Steven Aftergood is a senior research analyst at the Federation of American Scientists. He directs the FAS Project on Government Secrecy, which works to reduce the scope of government secrecy and to promote reform of official secrecy practices.
He writes Secrecy News, an email newsletter (and blog) which reports on new developments in secrecy policy and provides direct public access to official records of policy value that have been suppressed, withdrawn or that are simply hard to find.
In 1997, Mr. Aftergood was the plaintiff in a Freedom of Information Act lawsuit against the Central Intelligence Agency which led to the declassification and publication of the total intelligence budget ($26.6 billion in 1997) for the first time in fifty years. In 2006, he won a FOIA lawsuit against the National Reconnaissance Office for release of unclassified budget records.
Mr. Aftergood is an electrical engineer by training (B.Sc., UCLA, 1977) and has published research in solid state physics. He joined the FAS staff in 1989.
He has authored or co-authored papers and essays in Scientific American, Science, New Scientist, Journal of Geophysical Research, Journal of the Electrochemical Society, and Issues in Science and Technology, on topics including space nuclear power, atmospheric effects of launch vehicles, and government information policy.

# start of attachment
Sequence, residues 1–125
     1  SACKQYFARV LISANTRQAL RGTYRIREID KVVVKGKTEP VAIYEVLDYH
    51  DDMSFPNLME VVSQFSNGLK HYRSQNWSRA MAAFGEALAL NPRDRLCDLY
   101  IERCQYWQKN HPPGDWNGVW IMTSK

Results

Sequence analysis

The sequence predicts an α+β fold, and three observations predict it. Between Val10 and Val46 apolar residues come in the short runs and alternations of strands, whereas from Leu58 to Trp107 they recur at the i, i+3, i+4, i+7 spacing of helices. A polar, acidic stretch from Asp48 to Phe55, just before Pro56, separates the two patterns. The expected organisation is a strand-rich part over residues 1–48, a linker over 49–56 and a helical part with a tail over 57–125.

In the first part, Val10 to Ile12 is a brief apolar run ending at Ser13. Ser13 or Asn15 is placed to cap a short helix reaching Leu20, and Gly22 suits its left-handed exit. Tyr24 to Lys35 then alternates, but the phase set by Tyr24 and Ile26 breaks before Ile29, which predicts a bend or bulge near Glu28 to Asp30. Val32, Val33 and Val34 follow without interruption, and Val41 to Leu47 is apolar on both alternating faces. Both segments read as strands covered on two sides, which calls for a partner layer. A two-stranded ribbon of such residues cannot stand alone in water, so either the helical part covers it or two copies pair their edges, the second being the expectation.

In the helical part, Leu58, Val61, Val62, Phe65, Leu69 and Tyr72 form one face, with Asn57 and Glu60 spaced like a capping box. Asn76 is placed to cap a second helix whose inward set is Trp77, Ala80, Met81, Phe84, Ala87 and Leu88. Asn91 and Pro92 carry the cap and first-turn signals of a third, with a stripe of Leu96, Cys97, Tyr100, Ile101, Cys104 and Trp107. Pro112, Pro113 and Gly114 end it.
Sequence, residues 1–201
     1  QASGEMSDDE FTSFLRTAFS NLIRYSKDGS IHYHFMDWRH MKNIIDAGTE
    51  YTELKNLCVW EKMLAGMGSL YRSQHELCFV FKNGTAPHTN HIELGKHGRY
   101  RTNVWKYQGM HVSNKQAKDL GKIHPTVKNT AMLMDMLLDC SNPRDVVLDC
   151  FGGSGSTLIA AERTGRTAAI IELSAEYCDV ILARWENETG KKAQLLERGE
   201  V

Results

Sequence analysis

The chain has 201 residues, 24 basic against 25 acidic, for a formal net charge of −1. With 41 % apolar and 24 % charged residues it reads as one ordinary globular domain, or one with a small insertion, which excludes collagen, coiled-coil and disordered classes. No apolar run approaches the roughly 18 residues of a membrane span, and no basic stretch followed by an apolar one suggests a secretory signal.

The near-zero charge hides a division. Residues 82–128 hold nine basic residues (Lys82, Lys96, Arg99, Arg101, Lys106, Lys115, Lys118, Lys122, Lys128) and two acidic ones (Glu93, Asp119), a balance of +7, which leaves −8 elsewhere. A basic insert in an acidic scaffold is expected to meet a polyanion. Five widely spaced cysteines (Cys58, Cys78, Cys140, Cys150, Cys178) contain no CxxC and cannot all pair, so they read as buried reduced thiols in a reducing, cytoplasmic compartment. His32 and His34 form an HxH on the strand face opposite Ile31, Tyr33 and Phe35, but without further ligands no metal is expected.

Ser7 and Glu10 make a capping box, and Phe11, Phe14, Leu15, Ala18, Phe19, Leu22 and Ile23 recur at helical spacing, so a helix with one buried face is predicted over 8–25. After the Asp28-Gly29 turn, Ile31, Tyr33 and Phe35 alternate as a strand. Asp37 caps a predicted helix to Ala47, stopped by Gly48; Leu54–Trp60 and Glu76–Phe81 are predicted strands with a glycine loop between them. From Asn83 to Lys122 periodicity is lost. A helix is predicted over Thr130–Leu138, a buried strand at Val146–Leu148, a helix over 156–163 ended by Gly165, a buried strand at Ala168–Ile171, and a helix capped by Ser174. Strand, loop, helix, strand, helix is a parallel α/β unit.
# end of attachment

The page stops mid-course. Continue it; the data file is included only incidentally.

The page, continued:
For his work on confronting government secrecy, Mr. Aftergood has received the Electronic Frontier Foundation Pioneer Award (2010), the James Madison Award from the American Library Association (2006), the Public Access to Government Information Award from the American Association of Law Libraries (2006), the Hugh M. Hefner First Amendment Award from the Playboy Foundation (2004), and the Golden Candle Award from Open Source Solutions (1997).
The Federation of American Scientists, founded in 1945 by Manhattan Project scientists, is a non-profit national organization of scientists and engineers concerned with issues of science and national security policy.